One thing that’s puzzled us a bit over the last couple of decades in Thailand has been the unceasing construction of new temples. Don’t get us wrong – we love temples and what they represent – but many times we gaze in reverence at a beautiful new structure but then turn around to see the skeleton of a once-grand temple, now ignored, sitting sadly in the background. It’s endemic of the bigger, better, faster mentality that so often guides our lives, but a new directive from the Tourism Authority of Thailand (TAT) has piqued our interest and got us excited for the old again.
Perhaps as a reaction to steadily (indeed, almost unstoppably) increasing numbers of tourists coming to Thailand, the TAT is pushing a new campaign called “Amazing Thailand Go Local” that aims to better balance the tourist numbers by promoting the many secondary destinations around the country.
Despite the somewhat clumsy name of the campaign, we think it’s a great idea that falls right in line with what Smiling Albino has been doing since we started showing people around Southeast Asia. The TAT has their own list with a lot of great locations, but we wanted to speak a bit about some of our favorite ‘off-brand’ secondary destinations.
For a long time we’ve been singing the praises of Thonburi, which was the capital of Siam before Bangkok – on the other side of the Chao Phraya River – was even a thought. This fascinating little backwater has great food, magnificent temples, and long-forgotten alleys and narrow canals that we explore by bicycle, foot, and boat. In fact, the differences between Thonburi and Bangkok sums up the whole ‘secondary destinations’ theme perfectly: it’s close, but far enough away that it’s unique, offers many of the same or similar attractions, and isn’t thronged with tourists.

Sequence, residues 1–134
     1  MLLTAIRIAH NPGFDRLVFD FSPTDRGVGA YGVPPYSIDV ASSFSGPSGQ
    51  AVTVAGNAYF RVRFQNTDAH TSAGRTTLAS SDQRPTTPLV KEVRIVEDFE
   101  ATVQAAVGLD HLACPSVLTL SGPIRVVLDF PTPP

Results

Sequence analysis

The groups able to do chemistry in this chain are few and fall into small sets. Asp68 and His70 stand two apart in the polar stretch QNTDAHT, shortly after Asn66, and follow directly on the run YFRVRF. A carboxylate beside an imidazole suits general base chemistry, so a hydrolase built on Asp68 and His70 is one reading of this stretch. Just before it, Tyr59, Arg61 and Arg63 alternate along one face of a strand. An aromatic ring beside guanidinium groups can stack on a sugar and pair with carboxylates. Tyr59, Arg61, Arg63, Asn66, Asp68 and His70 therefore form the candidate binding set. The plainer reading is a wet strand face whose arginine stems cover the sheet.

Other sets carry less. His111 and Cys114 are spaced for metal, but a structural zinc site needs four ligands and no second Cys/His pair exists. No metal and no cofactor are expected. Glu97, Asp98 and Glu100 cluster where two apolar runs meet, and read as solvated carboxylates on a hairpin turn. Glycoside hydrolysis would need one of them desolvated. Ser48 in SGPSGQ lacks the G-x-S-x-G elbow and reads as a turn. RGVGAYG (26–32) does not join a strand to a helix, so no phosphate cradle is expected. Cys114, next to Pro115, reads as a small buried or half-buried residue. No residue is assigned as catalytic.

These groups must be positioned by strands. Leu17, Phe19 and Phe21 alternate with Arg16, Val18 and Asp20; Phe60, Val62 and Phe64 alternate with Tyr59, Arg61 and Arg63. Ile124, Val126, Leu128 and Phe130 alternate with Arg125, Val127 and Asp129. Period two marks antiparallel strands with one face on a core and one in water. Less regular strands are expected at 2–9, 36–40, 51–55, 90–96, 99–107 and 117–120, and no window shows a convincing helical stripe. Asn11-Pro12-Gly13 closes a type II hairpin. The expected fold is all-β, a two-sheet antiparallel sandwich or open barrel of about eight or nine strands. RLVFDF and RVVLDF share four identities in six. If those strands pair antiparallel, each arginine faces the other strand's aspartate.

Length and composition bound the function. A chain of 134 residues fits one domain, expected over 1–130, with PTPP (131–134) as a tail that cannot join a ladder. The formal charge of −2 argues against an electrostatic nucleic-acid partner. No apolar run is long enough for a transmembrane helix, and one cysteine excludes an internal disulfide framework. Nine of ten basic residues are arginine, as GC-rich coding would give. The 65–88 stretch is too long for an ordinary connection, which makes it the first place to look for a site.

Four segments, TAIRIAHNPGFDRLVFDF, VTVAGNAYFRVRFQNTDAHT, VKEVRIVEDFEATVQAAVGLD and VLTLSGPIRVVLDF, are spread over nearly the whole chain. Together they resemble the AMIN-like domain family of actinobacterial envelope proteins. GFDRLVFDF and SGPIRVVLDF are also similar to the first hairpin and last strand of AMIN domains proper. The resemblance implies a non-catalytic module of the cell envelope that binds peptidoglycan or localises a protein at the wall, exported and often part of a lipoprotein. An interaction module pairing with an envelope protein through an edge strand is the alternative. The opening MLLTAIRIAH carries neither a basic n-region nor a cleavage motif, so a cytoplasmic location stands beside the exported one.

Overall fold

Another example of the wealth of locations that have been left behind for other, shinier attractions is in Chiang Mai. Wat Umong is a gorgeous 13th-century forest temple with lovely grounds, amazing architecture, and original wall paintings that have been well preserved due to their location in a protected cave. But it hogs the spotlight and can get crowded.
However, a few years ago, an abandoned 15th-century temple was rediscovered nearby during renovations of Wat Yan Guang. The Thai Fine Arts Department is currently restoring it, and speculates that it was used as a resting place by King Mengrai, the legendary founder of Chiang Mai and ruler of the Lanna Kingdom, during his travels. This makes for an excellent alternative destination to take our guests. It lacks the crowds but not the historical significance. Indeed, as the renovation is ongoing, you might even be among the first to see a newly-uncovered piece of art or religious item from 500 years ago. That’s just the kind of thing that only happens when you rediscover the old.
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